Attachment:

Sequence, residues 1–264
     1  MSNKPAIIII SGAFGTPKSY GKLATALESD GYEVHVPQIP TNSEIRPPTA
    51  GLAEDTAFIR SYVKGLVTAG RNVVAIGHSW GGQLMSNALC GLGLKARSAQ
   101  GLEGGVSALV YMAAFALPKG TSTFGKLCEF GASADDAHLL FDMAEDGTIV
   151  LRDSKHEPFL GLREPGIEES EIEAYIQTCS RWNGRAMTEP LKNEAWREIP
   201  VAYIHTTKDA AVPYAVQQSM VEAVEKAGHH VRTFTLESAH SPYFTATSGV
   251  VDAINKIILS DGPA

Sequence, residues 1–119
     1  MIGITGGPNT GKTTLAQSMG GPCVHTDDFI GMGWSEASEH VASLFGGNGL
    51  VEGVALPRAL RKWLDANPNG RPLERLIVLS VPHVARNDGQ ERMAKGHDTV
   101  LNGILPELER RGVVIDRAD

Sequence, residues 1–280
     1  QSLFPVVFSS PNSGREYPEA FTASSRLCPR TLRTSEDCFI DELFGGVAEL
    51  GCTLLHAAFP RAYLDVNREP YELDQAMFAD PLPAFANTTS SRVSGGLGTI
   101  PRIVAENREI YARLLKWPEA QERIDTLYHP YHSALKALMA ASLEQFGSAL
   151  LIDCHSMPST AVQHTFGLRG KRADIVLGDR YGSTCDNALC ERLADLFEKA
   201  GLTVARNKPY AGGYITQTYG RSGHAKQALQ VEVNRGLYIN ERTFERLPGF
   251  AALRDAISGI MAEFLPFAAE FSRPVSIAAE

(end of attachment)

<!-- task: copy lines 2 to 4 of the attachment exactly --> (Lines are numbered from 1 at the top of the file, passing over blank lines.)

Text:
     1  MSNKPAIIII SGAFGTPKSY GKLATALESD GYEVHVPQIP TNSEIRPPTA
    51  GLAEDTAFIR SYVKGLVTAG RNVVAIGHSW GGQLMSNALC GLGLKARSAQ
   101  GLEGGVSALV YMAAFALPKG TSTFGKLCEF GASADDAHLL FDMAEDGTIV